Aram Bajakian’s Fractured Folk Tales
You need to spend some time with this music. Fortunately, you will want to spend time with it. There are at least two excellent reasons for this: one, you will need to allow it ample opportunity to work its magic; two, you will need sufficient time to formulate an appropriate response for your friends when they inquire about what you’re listening to these days. An album called Kef you will say. What? By a guy named Aram Bajakian. Who? Bajakian is a Brooklyn guitarist whose debut, Kef has just been released by John Zorn’s Tzadik label. (Mentioning Tzadik should immediately clear up any questions about quality or street cred. It should also indicate that, like everything else from Tzadik, this material will be unique and ambitious, if not immediately accessible.)
For folks who have not heard of Zorn or Tzadik, the label – now well over a decade old – has helped discover and promote music that falls far outside the so-called mainstream. While Zorn’s influential quartet, Masada, can easily be described as jazz (and lazily described as Ornette Coleman meets Klezmer), much of the work Zorn and those recording on his label do is difficult to categorize. Naturally, this is a very good thing: this is music not different for the sake of being difficult or outré; rather, it is ambitious in scope and very outward looking. As such, it’s not uncommon to hear the never-passé stylings of bebop alongside classical and world music (speaking of lazy and inadequate descriptions … ), often in the same composition. Simply put, Tzadik represents the essence of avant-garde, adventurous and averse to convention. It also serves as a reminder for anyone bored or seeking reassurance, that there are (many) smaller labels releasing inspired music it would take a lifetime to listen to.
Kef is named for an Armenian type of dance music known for incorporating traditional and western instruments. In other words, the sort of thing ideally suited for Tzadik. Bajakian is joined by Tom Swafford on violin and Shanir Blumenkranz on bass. The absence of drums is novel and audacious, but considering how much some of this material shreds, it is almost revelatory. Blumenkranz is quickly bolstering his own legendary credentials, having already appeared on more than two dozen Tzadik releases.
From the first note, the traditional, non-Western influence is obvious, but, by the second track, the jazz and rock sensibility is front and center. There is an aggressive, almost punkish vibe that also will sound familiar to fans of the Tzadik label. The guitar playing on Kef inevitably calls to mind his label-mates Jon Madof and especially Yoshie Fruchter (who employs the violin in his quartet Pitom) but more than anyone, his runs, at turns angular, muscular and – when necessary – brutal, recall Marc Ribot. This is intended as the highest form of praise.
Kef will remind listeners of Madof’s quartet Rashanim in part because both guitarists are brilliant but also boast the considerable prowess of Blumenkranz. Kef will also draw favourable comparison to Pitom because of the violin (and again, the indefatigable Blumenkranz), as well as the energy that pivots between punk and hardcore, if only for seconds at a time. Bajakian is quite obviously a product of his culture and times, and he is able to infuse each song with a variety of cultural signposts and points of departure. The fifth track, “Wroclaw”, breezes along like an Armenian folk song, albeit one played in dark nightclub or a sweltering New York subway. This is postmodern chamber jazz that swings proficiently with an always-apparent and quite convincing Eastern vibe: fractured folk tales, if you like.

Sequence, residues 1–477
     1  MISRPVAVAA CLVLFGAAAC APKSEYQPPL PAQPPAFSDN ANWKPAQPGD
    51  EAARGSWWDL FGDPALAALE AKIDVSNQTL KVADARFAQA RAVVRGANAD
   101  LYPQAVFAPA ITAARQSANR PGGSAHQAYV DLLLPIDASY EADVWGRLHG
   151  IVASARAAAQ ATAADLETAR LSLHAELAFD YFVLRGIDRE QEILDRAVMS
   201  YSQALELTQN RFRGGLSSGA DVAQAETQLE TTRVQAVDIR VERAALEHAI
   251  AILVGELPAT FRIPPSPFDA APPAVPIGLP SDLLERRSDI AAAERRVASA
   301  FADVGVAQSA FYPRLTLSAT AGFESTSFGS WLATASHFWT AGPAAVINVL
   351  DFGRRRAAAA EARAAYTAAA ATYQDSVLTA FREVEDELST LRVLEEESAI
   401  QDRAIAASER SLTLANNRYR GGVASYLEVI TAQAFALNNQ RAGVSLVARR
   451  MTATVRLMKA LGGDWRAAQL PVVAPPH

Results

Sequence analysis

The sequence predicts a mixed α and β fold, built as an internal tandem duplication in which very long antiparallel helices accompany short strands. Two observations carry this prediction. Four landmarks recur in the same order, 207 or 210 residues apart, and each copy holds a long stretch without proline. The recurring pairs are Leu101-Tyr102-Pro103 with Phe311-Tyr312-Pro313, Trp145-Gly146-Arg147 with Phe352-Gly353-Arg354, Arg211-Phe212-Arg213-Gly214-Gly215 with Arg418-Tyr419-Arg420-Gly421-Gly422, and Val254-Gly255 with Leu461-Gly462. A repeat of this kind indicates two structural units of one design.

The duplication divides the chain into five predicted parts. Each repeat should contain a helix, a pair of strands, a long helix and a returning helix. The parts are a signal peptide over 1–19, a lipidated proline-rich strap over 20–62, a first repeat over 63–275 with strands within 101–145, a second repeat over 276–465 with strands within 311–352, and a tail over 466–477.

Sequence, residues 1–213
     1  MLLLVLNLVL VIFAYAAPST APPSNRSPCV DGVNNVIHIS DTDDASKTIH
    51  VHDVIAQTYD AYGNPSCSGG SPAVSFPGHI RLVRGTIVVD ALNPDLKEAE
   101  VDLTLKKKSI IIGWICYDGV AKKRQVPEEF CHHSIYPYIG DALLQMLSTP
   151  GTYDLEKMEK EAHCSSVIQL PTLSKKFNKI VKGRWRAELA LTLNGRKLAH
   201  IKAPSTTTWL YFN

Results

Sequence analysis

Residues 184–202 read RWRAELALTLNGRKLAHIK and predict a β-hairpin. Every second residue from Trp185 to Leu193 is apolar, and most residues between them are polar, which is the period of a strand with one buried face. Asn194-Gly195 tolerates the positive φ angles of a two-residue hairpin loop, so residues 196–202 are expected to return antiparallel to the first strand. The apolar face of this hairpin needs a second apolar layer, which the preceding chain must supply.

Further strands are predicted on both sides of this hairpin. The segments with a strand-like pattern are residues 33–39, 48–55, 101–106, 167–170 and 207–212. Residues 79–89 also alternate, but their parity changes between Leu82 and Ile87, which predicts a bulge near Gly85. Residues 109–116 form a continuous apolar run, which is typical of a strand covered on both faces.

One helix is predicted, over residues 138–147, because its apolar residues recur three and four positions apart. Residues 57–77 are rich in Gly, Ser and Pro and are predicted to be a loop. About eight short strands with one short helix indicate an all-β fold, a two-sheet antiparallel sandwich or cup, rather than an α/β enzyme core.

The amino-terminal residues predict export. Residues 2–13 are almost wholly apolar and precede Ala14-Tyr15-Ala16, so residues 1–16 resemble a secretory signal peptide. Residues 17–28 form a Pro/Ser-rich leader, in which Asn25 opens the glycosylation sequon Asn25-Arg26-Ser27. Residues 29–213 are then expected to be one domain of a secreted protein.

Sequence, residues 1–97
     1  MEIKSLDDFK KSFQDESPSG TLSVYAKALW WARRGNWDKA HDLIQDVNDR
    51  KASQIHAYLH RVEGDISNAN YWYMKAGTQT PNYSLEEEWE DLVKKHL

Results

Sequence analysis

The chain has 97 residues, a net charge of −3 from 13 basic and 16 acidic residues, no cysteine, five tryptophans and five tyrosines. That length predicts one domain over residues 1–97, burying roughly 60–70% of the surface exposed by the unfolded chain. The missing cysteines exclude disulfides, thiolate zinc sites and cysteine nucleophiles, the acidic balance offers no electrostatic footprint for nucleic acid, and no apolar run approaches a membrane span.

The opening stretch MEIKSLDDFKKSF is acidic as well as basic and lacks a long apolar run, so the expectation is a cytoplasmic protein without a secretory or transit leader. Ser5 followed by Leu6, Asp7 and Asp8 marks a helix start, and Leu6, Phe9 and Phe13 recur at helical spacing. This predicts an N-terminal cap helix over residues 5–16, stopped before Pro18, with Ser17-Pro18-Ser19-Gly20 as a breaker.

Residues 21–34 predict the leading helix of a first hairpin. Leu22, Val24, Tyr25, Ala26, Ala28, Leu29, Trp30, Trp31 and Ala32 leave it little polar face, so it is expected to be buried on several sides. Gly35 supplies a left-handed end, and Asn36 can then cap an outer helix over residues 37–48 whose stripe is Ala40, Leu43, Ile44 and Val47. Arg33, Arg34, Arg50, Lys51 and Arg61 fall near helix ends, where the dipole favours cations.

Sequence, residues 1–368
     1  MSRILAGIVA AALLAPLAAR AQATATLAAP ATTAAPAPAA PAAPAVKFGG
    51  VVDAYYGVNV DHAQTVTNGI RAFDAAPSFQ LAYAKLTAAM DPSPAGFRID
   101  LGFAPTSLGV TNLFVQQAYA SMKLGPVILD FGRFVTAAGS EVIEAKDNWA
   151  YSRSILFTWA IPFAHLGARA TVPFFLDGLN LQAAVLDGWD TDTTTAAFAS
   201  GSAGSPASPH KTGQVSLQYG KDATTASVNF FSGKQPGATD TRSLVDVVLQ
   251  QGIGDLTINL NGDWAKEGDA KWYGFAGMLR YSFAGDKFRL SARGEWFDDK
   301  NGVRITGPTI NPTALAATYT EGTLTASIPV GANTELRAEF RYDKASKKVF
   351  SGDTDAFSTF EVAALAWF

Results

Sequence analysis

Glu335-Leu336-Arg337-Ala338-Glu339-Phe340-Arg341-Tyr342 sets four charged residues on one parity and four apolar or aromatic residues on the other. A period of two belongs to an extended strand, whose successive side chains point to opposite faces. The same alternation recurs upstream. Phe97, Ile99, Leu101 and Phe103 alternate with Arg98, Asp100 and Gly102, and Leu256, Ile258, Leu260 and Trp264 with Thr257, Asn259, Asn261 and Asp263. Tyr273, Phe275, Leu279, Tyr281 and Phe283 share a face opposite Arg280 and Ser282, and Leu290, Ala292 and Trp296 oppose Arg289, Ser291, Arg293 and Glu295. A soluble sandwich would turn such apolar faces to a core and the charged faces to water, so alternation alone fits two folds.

There are softer, subtle moments, like the acoustic opener “Pear Tree” or the gorgeous “Pineta”. There are some scorchers, like “Sepastia” and “Raki”, both of which showcase the band’s agility. It is during the more intense moments where the absence of a drummer is most noticeable—and impressive. The lack of grounding and punctuation would leave a less capable ensemble without the necessary punch and bottom; Bajakian’s band uses the extra space as an opening for interaction, and each musician takes turns steering the ship and soaring above the surface. There is a distinct structure unifying each song, and while the collection coalesces to a logical flow, each tune could be isolated and examined. After several listens you might even find yourself humming some of these melodies (does anyone hum anymore?).
There are no unsatisfactory tracks to be found here, and while some may dazzle or impress more than others, the last two, “48 Days” and “La Rota”, warrant special mention. Alternately serene and sombre, these closing statements comprise an elegiac, deeply moving conclusion. There is beautiful music and there is moving music (the best, of course, can combine the two), and then there is music that goes to that other place which is at once inscrutable and oddly familiar. By the time the last notes have been played it will occur to the tuned-in listener that something significant is happening here. This is a different type of music.
Music remains the ultimate antidote against cynicism and apathy: all it asks is you lend it your ears and in return you may just get something that makes the world more beautiful than you thought possible. If that sentiment is, understandably, a bit much to process with a straight face, let it suffice to say Kef is as extraordinary an album as I can recall listening to in a very long time.